UNEMPLOYMENT 20 Cyclical Unemployment vs. the Natural Rate There’s always some unemployment, though the u-rate fluctuates from year to year. Natural rate of unemployment the normal rate of unemployment around which the actual unemployment rate fluctuates Cyclical unemployment the deviation of unemployment from its natural rate associated with business cycles, which we’ll study in later chapters
0 2 4 6 8 10 12 1960196519701975198019851990199520002005 U.S. Unemployment, 1960-2007 Natural rate of unemployment Unemployment rate percentage of labor force
UNEMPLOYMENT 22 Explaining the Natural Rate: An Overview Even when the economy is doing well, there is always some unemployment, including: Frictional unemployment occurs when workers spend time searching for the jobs that best suit their skills and tastes short-term for most workers Structural unemployment occurs when there are fewer jobs than workers usually longer-term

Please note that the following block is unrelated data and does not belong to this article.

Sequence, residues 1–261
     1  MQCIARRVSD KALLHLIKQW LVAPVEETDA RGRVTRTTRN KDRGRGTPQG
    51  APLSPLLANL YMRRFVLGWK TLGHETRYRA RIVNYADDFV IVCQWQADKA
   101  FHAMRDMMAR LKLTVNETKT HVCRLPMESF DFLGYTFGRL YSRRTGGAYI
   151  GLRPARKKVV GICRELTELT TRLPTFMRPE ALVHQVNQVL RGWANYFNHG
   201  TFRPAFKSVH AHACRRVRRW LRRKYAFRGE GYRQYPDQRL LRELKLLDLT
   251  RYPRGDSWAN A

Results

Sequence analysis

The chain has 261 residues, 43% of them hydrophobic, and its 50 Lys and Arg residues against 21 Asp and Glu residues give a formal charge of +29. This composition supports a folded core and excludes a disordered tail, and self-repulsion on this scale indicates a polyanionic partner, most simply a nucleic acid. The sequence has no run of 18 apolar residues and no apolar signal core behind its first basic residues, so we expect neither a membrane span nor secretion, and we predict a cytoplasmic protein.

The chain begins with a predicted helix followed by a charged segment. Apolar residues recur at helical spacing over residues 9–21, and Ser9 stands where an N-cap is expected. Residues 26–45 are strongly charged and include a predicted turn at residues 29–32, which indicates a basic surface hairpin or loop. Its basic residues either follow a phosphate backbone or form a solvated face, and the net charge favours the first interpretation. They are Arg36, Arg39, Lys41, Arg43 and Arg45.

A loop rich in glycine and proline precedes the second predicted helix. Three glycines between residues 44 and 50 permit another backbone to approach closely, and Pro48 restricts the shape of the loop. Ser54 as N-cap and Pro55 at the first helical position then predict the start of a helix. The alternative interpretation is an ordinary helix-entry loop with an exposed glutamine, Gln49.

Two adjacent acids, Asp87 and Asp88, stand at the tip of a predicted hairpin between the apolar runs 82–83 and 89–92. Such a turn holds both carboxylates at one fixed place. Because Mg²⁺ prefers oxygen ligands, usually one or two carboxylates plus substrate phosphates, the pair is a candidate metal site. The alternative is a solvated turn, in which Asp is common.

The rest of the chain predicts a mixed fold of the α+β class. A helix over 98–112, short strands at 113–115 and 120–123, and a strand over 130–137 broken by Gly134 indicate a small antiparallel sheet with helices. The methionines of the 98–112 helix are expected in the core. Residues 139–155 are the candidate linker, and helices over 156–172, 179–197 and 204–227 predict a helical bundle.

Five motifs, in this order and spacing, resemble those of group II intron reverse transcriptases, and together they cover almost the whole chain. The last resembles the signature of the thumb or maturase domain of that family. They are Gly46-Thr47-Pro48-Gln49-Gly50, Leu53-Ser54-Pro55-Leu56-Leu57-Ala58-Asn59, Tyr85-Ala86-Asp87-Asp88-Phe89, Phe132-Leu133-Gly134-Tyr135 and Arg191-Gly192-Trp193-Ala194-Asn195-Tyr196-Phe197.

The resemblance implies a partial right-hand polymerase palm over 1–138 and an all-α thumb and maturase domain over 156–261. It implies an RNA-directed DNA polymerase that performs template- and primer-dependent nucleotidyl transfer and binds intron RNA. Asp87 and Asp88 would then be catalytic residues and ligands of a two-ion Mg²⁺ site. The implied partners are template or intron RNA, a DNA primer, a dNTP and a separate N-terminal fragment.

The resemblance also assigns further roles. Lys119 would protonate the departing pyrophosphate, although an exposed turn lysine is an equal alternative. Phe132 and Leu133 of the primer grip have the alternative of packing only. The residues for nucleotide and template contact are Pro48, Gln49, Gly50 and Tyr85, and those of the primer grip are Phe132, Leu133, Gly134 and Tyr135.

A C T I V E L E A R N I N G 3 Applying the concepts 23 Which of the following would be most likely to reduce frictional unemployment? A. The govt eliminates the minimum wage. B. The govt increases unemployment insurance benefits. C. A new law bans labor unions. D. More workers post their resumes at Monster.com, and more employers use Monster.com to find suitable workers to hire. E. Sectoral shifts become more frequent.
A C T I V E L E A R N I N G 3 Answers 24 A. The govt eliminates the minimum wage. C. A new law bans labor unions. These are likely to reduce structural unemployment, not frictional unemployment. Which of the following would be most likely to reduce frictional unemployment?